Read the full story here.

Thursday, March 09, 2017

CBC continues to distort the market

Conservative leadership candidate Kellie Leitch this week proposed to dismantle Canada’s state broadcaster.

“The days of a bloated, taxpayer-subsidized CBC are numbered,” said the Ontario MP. “So long as the CBC continues to distort the market by consuming advertising revenues and having its operations underwritten by the taxpayer, the market is uncompetitive.”

It is a proposal that speaks to Canadian frustration with a public broadcaster that in recent years has been rocked by scandal, allegations of political bias, a lack of transparency and accountability, declining audience and, arguably, a self-serving mandate.

A 2015 Senate report on the future of the Crown Corporation, which receives $1 billion of taxpayer funding, concluded the CBC needs to change.

Read the full story here.

Report calls for CBC to stop selling digital ads

Public Policy Forum report calls for CBC to stop selling digital ads.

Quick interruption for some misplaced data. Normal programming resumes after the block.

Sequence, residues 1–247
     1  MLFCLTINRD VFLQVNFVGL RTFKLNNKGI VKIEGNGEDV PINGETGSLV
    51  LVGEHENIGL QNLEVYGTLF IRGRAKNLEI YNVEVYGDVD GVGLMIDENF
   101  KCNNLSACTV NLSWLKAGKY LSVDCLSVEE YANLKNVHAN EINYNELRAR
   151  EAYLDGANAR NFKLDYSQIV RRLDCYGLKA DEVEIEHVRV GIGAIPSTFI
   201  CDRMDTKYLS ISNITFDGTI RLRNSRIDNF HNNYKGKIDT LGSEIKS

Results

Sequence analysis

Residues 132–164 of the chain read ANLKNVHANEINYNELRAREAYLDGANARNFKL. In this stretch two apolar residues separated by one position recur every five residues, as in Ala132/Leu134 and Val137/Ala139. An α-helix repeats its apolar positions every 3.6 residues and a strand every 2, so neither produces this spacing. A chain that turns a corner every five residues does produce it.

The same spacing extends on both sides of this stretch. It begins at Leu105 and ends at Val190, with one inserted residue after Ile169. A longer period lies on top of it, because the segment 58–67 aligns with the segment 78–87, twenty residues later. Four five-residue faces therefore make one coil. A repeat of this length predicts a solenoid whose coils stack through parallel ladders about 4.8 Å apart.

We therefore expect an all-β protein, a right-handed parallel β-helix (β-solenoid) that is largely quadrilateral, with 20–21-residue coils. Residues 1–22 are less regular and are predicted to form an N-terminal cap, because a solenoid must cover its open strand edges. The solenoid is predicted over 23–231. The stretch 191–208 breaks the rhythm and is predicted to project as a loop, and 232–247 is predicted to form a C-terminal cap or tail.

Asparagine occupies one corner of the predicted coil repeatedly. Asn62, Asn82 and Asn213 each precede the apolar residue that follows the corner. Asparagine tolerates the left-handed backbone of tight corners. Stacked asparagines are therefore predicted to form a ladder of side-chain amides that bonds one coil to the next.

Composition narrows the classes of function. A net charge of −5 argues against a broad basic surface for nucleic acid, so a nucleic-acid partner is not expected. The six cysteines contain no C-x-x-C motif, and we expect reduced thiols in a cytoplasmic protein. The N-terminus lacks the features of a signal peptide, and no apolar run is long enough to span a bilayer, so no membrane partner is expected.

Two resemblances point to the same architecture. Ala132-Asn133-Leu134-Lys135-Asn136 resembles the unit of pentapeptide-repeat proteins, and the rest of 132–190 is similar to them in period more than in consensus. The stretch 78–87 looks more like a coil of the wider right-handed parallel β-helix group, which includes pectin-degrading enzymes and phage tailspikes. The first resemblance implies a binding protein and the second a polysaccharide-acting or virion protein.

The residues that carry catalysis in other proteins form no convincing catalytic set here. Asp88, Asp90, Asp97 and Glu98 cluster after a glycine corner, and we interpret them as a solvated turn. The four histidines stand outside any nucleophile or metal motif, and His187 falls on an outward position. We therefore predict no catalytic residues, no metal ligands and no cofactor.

A public-policy group has issued 12 recommendations to revive the Canadian news industry, including cutting off digital revenue to the public broadcaster.

The report by the Public Policy Forum maintains that the decline of traditional media, audience fragmentation, and fake news are undermining faith in Canadian democracy.

"Free cbc.ca of the need to 'attract eyeballs' for digital advertising, which can run contrary to its civic-function mission and draw it into a 'clickbait' mentality," the report states. As things stand now, the CBC generates about $25 million in annual digital revenue, according to the report.

Read the full story here.

Wednesday, March 08, 2017

CBC wants hundreds of millions more

CBC/Radio-Canada wants all its services to broadcast ad-free -- but would need $318 million in new annual funding to do so, the public broadcaster said Monday in a proposal to the federal government.

The recommendation was one of several the CBC made in a submission to Canadian Heritage's public consultation on homegrown content in a digital world.

"In order to exit advertising, CBC/Radio-Canada would require $318 million in replacement funding," states the filing.

"This figure takes into account the lost advertising revenue ($253 million), the cost to produce and procure additional Canadian content ($105 million) that is required to replace the advertising programming and the cost savings associated with the reduced cost of sales ($40 million)."